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Night Nurse
Why I Stay

Part Three: What Are Hospitals Doing To Keep Nurses Working And Happy?

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Many young nurses entering the profession these days are overwhelmed. Nursing schools do not provide the clinical training needed for nursing today which requires technical expertise unimagined even a few years ago.

  Ed Coakley, Senior Nurse at Massachusetts General Hospital. (Photo: Chiya Louie)
Click here to see more photos of nurses featured in this documenary.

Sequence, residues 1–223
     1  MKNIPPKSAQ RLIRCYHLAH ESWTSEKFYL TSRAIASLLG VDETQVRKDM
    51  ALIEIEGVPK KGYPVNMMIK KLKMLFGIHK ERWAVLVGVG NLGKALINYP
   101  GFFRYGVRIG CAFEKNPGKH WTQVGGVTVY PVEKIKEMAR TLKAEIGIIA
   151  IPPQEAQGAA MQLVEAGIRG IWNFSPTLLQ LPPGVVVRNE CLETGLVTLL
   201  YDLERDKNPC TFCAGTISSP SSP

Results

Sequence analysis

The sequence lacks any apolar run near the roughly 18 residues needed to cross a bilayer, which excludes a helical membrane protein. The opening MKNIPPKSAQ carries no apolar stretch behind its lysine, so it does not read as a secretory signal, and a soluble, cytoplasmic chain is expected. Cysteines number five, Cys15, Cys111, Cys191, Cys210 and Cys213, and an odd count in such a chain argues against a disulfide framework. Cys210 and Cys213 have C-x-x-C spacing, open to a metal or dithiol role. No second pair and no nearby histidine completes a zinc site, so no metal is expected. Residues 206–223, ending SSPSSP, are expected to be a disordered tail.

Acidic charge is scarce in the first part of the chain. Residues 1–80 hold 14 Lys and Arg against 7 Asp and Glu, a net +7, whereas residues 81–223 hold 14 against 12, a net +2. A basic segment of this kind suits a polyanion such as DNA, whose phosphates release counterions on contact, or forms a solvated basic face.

A recent study from The New York University School of Nursing found that about 20 percent of nurses leave the hospital within their first year of work. Some hospitals are addressing the needs of their new nurse graduates by providing longer orientation programs and other supports such as rapid response teams which are deployed to help any nurse in a pinch. Hospitals are no longer relying on higher wages to recruit and retain nurses. Many institutions are giving nurses leadership roles in running the operations of the hospital and others are addressing nurses' major concern - the amount of patients they must care for on a shift. Despite changes in some hospitals many nurses say conditions have gotten worse - they are caring for sicker patients and their job has become unrealistic. In more than a dozen states nurses are pushing to mandate nurse to patient ratios in hospitals. But despite all these efforts to address the growing shortage, the demand for nurses is expected to increase by 40 percent over the next decade while the supply steadily drops.